"Crisply written, well argued and persuasive. Reading it, one looks forward to reading Roth again, in Posnock's new light."--Chanan Tigay, Forward
"Ross Posnock's study may be the most intellectually complex as well as fiercely independent study of Roth's career to date. Filled with deft observations, [Posnock] offers authoritative readings of literature and society which have profound implications that exceed considerations of Roth, its ostensible solitary subject."--Ranen Omer-Sherman, Modernism/modernity
"A very learned and stimulating critique of Philip Roth's fiction.... Ross Posnock has written one of the three best books on Philip Roth--if not the best.... He treats Roth's work as it deserves to be regarded, especially since no one as yet has adequately traced its roots to the major traditions of American literature."--Jay L. Halio, Shofar
"In this complex and stimulating book, Ross Posnock . . . rethinks the career of American novelist Philip Roth. . . . Posnock places Roth within a cosmopolitan community of authors ranging from Melville to Salinger who have rejected the separation of mind and body in favor of an aesthetic that rejects the very idea of knowing oneself. . . . Posnock has written an excellent book of criticism, exploring not just Roth, but also literature that emerged mid-century with roots in a long tradition of American and European art."--Peter Terry, ForeWord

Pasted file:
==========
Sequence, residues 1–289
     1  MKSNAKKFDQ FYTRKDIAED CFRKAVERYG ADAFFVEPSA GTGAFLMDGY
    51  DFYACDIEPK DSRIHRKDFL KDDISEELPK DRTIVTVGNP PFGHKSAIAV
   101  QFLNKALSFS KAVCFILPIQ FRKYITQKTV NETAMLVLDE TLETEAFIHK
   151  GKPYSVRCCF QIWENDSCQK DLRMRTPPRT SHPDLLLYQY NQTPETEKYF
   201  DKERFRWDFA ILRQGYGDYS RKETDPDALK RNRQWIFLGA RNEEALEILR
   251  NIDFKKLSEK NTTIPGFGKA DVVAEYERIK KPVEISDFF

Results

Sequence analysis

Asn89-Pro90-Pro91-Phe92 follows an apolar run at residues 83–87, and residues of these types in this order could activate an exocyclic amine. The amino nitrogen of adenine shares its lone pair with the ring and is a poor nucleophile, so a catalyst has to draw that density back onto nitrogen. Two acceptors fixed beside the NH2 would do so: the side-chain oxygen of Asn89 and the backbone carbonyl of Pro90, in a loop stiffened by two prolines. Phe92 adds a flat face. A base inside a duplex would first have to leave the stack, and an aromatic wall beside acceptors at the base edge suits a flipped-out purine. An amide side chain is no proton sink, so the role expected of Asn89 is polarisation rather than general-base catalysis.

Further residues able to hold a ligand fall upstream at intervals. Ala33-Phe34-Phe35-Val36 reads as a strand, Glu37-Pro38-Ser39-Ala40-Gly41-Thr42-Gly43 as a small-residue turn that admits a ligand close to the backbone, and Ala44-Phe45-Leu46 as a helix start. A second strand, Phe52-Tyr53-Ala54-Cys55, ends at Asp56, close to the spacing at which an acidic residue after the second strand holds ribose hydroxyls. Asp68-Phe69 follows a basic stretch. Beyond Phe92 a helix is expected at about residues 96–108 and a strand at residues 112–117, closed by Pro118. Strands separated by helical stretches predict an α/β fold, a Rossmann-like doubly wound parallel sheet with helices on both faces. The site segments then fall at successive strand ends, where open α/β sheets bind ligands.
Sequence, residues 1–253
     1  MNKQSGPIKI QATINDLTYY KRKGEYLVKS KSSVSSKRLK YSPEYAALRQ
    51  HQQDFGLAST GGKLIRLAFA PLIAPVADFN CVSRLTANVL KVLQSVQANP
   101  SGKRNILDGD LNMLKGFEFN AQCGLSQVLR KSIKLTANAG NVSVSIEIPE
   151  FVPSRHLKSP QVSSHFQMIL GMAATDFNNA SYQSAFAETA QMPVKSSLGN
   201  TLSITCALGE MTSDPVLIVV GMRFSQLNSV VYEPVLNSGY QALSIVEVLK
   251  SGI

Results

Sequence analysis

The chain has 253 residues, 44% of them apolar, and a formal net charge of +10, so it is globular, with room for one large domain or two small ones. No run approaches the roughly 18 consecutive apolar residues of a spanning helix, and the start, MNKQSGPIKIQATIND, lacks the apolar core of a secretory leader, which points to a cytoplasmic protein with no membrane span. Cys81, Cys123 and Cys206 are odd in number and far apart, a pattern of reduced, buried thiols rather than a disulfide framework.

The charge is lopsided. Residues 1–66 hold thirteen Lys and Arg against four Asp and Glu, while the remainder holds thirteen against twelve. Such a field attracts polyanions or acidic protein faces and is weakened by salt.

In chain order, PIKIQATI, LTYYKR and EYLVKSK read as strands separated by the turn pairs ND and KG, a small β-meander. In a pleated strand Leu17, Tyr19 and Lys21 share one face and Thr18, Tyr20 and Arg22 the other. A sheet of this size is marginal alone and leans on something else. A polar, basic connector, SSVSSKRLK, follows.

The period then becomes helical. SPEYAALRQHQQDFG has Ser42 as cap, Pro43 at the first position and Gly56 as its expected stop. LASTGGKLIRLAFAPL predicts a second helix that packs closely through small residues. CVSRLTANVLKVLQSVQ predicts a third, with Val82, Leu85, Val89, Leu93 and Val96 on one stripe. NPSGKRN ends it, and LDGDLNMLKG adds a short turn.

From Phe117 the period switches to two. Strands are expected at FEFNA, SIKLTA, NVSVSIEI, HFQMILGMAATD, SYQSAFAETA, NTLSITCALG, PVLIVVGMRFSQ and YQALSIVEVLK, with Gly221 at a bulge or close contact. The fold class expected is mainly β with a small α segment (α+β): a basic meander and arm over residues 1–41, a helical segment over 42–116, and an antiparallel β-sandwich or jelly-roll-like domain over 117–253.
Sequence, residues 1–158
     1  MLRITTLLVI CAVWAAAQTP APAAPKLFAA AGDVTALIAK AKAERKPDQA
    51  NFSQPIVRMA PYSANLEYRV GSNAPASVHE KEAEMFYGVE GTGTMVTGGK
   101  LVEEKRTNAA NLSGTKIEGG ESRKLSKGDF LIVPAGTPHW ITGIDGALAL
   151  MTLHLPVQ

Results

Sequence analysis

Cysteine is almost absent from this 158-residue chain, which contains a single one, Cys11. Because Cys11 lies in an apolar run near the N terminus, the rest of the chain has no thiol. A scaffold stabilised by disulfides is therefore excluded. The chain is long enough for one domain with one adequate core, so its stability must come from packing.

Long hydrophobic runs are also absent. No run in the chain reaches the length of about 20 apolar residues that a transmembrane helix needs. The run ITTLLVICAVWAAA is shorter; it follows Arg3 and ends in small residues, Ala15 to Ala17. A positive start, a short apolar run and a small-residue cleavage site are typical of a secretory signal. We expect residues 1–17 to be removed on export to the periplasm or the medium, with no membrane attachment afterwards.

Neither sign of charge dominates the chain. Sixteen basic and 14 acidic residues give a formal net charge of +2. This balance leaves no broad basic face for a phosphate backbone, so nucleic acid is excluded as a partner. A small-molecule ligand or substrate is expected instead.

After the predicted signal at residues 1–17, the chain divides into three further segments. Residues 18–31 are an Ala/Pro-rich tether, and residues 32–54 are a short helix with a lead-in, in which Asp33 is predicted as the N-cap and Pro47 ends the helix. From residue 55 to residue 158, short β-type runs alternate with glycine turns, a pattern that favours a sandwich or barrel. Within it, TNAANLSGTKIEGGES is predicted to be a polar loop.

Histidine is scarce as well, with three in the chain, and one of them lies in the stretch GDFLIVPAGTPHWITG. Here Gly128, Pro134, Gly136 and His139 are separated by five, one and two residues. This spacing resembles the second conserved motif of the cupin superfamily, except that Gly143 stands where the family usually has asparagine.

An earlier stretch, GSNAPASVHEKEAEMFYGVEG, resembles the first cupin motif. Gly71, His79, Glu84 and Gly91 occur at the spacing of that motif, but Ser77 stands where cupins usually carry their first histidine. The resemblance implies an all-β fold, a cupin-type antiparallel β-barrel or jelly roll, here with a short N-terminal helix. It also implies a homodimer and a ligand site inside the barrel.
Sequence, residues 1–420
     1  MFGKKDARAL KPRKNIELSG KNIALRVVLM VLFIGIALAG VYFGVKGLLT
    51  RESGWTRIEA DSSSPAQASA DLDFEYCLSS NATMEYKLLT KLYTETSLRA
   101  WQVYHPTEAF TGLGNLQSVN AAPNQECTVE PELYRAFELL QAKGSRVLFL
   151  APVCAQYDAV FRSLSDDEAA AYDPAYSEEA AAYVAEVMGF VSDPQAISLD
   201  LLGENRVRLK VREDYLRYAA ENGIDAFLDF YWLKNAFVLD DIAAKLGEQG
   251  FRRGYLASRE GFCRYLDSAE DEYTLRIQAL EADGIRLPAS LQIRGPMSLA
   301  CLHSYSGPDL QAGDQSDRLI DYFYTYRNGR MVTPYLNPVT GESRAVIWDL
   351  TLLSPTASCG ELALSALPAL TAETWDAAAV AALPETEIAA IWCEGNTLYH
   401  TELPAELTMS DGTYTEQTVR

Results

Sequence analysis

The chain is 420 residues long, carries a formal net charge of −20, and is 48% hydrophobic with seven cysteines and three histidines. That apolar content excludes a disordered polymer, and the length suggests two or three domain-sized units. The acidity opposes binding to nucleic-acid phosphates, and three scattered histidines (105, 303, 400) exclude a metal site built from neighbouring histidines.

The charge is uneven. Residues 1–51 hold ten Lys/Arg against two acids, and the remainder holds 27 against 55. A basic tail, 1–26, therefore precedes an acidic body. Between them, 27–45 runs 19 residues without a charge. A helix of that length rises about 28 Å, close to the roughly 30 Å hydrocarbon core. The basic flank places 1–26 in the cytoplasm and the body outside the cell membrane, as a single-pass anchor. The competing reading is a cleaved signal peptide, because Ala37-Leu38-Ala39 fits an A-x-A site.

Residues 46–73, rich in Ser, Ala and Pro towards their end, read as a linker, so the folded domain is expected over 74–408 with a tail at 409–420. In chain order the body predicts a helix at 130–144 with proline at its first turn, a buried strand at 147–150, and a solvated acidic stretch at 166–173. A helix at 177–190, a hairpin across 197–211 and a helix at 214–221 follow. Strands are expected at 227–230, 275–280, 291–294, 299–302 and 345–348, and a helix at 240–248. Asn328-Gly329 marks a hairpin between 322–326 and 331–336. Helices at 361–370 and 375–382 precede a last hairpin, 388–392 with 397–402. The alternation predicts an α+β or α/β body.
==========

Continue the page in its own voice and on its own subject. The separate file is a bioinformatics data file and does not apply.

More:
(Harold Bloom, literary critic ) --This text refers to an out of print or unavailable edition of this title.